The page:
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* “You can’t regret your fate,” Ms. Peters once said, “although I do regret my mother didn’t marry a carpenter.” Josef Stalin’s daughter has died. More at MeFi.

* Occupy the Mystery Machine: The very first rule of Scooby-Doo, the single premise that sits at the heart of their adventures, is that the world is full of grown-ups who lie to kids, and that it’s up to those kids to figure out what those lies are and call them on it, even if there are other adults who believe those lies with every fiber of their being. (via)

* Behind the scenes of Planet of the Apes.

* No second acts in America: The life and times of Chris Hardwick. (also via)

* Terry Gilliam, the heir of Fellini and the enemy of God. (you know what I’m gonna say)

On his flight to Los Angeles, Gilliam tried to watch the $1-billion hit “Transformers: Dark of the Moon,” and he felt battered and sullen by the time the landing gear came down. The old wizard says it’s the stage magicians who rule Hollywood now.

“You just sit there and watch the explosions,” Gilliam said. “I couldn’t tell you what the movie was about. The movie hammers the audience into submission. They are influenced by video games, but in video games at least you are immersed; in these movies you’re left out. In films, there’s so much overt fantasy now that I don’t watch a lot because everything is possible now. There’s no tension there. People can slide down the side of a building that’s falling and they don’t get ripped to shreds? The shots are amazing, but if there is no consequence, no gravity, what’s the point? I can’t watch Hollywood movies anymore. There’s no room for me.”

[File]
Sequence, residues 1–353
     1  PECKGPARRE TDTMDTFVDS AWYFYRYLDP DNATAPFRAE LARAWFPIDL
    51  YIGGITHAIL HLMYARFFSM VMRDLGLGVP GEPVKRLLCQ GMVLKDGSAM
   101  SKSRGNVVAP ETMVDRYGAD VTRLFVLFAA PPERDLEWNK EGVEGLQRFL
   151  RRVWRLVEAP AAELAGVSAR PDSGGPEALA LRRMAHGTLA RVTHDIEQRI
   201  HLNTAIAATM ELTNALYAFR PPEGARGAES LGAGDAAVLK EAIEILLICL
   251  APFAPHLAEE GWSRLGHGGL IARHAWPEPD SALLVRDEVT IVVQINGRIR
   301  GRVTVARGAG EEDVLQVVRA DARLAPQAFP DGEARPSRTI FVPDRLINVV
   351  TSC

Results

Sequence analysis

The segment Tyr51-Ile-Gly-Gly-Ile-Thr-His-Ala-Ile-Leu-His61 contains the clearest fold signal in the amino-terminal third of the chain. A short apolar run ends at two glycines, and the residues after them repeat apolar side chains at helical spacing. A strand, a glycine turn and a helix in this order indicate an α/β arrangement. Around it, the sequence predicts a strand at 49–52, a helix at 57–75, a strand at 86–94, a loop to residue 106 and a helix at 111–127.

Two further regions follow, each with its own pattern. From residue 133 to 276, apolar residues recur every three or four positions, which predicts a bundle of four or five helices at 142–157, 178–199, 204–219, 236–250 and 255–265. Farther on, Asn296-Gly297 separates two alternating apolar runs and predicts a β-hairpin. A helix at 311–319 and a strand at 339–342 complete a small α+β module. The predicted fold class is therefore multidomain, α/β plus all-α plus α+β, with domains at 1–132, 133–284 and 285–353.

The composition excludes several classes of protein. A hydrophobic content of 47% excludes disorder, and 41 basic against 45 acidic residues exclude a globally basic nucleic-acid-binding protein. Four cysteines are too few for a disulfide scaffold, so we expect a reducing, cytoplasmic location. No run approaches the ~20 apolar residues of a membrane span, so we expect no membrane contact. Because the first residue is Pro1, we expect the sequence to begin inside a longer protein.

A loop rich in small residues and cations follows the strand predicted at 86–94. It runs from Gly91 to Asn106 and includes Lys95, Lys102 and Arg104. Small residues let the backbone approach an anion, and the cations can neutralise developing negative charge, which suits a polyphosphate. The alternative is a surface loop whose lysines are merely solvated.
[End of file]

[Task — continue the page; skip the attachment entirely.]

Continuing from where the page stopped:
* Safe, reliable, and too cheap to meter: Japan’s science ministry says 8 per cent of the country’s surface area has been contaminated by radiation from the crippled Fukushima nuclear plant.

* “For our brewery, growth depends on abundant clean water and quality barley and hops—and climate change puts those ingredients at risk. Our supply chain—including barley, hops and water—is especially vulnerable to weather in the short-term and to climate change in the long-term,” Orgolini told Forbes.

* Medicine and “never events.”

* Of islands and invaders.

* Against Gremlins.


* Nearly half (48%) of all Americans say that the U.S. is the greatest country in the world, and another 42% say that it is one of the greatest countries in the world. Fewer than one-in-ten (8%) Americans say that the U.S. is not one of the greatest countries in the world.